Books by Mark Schultz. Bryan enjoys playing in the rain, G-chatting and lying in the grass. She has just graduated from eighth grade at Lake Country School and is excited about going into ninth at Saint Paul Academy. An enthusiastic actress, she has participated in every school play since she can remember, and was in the community theater production of Fiddler on the Roof with Morris Park Players.
Of faeries, love, plays, and magic, Midsummer has unfolded. At Hamline, he played in both the orchestra and cello ensemble. In the future, he hopes to go to graduate school to pursue a degree in clinical psychology. Connor Thomas Chickweed : Connor is very excited to do Midsummer.
He has done little scenes from Shakespeare but never an actual show. He is so glad that his first time is with such a magical cast and a wonderful director and crew. A little fun fact, Connor has been a Fairy for his whole life and now he can really express himself as he really is. Danielle enjoys fishing, canoeing and camping. She plays soccer with the St. She is an experimental photographer, writer, and actress and has won a Gold Key award for poetry and a Silver Key award for photography.
Her first theatre production was Joseph and the Amazing Technicolor Dreamcoat at her high school. This is her first time working with the Upright Egg Theater Company, and feels extremely fortunate to have had the opportunity to work with such an amazing cast of people. An original member of The Playwrights Lab, he returns to performance after an absence of nearly 30 years spent in the realm of journalistic writing. He wishes to thank the cast and creative team for making this a wonderful process through and through.
This is also his first Shakespeare play in a park. Olaf in She spends most of her days running and jumping from bower to bower and messing with various humans who wander into her territory. With her cohorts Cereus and Syringa, she pretty much rules the lower west part of the forest. In the name of Oberon and Titania, of course.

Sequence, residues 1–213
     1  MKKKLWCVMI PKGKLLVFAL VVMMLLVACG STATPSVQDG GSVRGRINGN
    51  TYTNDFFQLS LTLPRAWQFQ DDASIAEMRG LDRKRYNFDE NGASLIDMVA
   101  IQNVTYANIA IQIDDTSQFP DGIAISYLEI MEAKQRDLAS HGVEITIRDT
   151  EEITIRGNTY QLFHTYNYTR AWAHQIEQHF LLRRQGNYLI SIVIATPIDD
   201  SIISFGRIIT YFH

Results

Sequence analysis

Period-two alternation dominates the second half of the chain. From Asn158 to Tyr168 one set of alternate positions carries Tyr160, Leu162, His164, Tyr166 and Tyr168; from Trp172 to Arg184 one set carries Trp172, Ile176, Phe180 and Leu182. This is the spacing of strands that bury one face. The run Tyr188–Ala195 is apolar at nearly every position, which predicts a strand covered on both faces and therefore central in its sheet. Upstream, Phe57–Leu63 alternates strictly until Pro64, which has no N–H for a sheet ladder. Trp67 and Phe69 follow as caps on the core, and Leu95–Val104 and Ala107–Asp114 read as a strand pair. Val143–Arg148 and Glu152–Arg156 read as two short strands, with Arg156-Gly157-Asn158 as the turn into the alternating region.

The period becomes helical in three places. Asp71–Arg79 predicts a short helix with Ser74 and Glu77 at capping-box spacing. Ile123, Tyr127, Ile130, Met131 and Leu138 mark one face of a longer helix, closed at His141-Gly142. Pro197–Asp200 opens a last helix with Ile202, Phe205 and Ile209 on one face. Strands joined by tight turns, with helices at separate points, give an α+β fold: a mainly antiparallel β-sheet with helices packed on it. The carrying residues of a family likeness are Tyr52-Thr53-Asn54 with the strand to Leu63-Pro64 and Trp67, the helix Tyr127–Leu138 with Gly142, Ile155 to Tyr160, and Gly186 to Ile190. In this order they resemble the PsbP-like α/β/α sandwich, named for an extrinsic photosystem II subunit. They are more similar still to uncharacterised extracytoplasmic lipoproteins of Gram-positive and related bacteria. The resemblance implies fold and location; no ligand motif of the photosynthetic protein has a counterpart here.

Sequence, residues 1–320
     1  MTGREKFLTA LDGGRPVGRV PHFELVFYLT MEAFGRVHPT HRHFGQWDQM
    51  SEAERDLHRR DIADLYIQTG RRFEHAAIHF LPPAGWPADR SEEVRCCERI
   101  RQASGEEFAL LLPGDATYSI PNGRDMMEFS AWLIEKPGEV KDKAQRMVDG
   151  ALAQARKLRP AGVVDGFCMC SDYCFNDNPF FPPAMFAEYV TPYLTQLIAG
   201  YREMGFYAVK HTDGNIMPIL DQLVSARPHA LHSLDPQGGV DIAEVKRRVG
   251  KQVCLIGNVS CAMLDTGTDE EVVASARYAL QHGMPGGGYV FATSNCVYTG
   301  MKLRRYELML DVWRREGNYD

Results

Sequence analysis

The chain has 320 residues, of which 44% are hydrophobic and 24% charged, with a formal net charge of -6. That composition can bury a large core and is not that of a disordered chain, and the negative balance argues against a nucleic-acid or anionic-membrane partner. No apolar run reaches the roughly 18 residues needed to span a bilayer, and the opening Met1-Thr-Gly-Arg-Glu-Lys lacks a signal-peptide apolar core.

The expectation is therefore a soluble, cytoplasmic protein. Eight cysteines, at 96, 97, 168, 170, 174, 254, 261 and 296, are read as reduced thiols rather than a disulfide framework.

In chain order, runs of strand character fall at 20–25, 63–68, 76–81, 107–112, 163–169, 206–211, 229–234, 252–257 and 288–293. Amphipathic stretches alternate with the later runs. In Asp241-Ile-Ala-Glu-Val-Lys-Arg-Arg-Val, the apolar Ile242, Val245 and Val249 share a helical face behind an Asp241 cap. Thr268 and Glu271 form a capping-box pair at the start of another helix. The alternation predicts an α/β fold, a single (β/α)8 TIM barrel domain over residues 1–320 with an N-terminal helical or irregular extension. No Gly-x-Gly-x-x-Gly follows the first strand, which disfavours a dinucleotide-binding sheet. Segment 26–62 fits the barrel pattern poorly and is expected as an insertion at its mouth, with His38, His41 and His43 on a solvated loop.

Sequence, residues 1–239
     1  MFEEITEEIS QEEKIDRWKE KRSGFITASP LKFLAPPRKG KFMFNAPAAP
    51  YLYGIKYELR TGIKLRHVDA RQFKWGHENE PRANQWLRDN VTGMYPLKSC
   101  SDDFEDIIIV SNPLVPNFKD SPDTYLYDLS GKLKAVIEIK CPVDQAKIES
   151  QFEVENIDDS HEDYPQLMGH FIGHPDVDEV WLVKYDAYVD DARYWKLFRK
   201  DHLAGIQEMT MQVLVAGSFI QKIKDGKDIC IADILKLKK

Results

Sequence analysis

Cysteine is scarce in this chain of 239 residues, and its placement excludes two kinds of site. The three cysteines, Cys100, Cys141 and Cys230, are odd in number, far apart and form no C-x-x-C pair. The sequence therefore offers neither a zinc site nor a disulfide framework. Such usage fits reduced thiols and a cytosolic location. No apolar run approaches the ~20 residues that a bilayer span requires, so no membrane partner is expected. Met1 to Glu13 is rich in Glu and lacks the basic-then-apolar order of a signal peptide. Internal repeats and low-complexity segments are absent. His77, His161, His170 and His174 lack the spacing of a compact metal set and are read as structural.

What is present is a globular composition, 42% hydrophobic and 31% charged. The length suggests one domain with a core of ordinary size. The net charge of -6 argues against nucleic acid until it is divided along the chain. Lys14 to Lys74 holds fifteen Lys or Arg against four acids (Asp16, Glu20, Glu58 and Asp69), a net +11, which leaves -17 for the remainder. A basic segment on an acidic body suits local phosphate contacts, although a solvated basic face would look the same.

Since graduating from St. He is also thrilled to be working under the direction of the lovely Leah Adcock-Starr once again, as well as working with many of his friends and favorite people.
A Brief History of Helen of Troy: (Or Everything Will Be Different) (Oberon Modern Plays) - Kindle edition by Mark Schultz. Download it once and read it on your. Buy A Brief History of Helen of Troy: (Or Everything Will Be Different) (Oberon Modern Plays) by Mark Roman Schultz (ISBN: ) from Amazon's.
Having grown up on a farm in the outstretches of Wisconsin, Kevin has always been very connected to the Earth, and being able to do this show is well worth the two hour commute he puts in every rehearsal. This is not his first time performing in Midsummer, but it is his first in fey form. Thanks to the Egg for the fun, to Midas for the fur, and to Leah for the future. You could say she has come full fairy-circle. Larissa has been playing with UE ever since, having just completed her first year as a full-fledged company member. She has also choreographed an Opera show in association with the Minnesota Opera, and taken on the supporting role of Rosalia in the same production.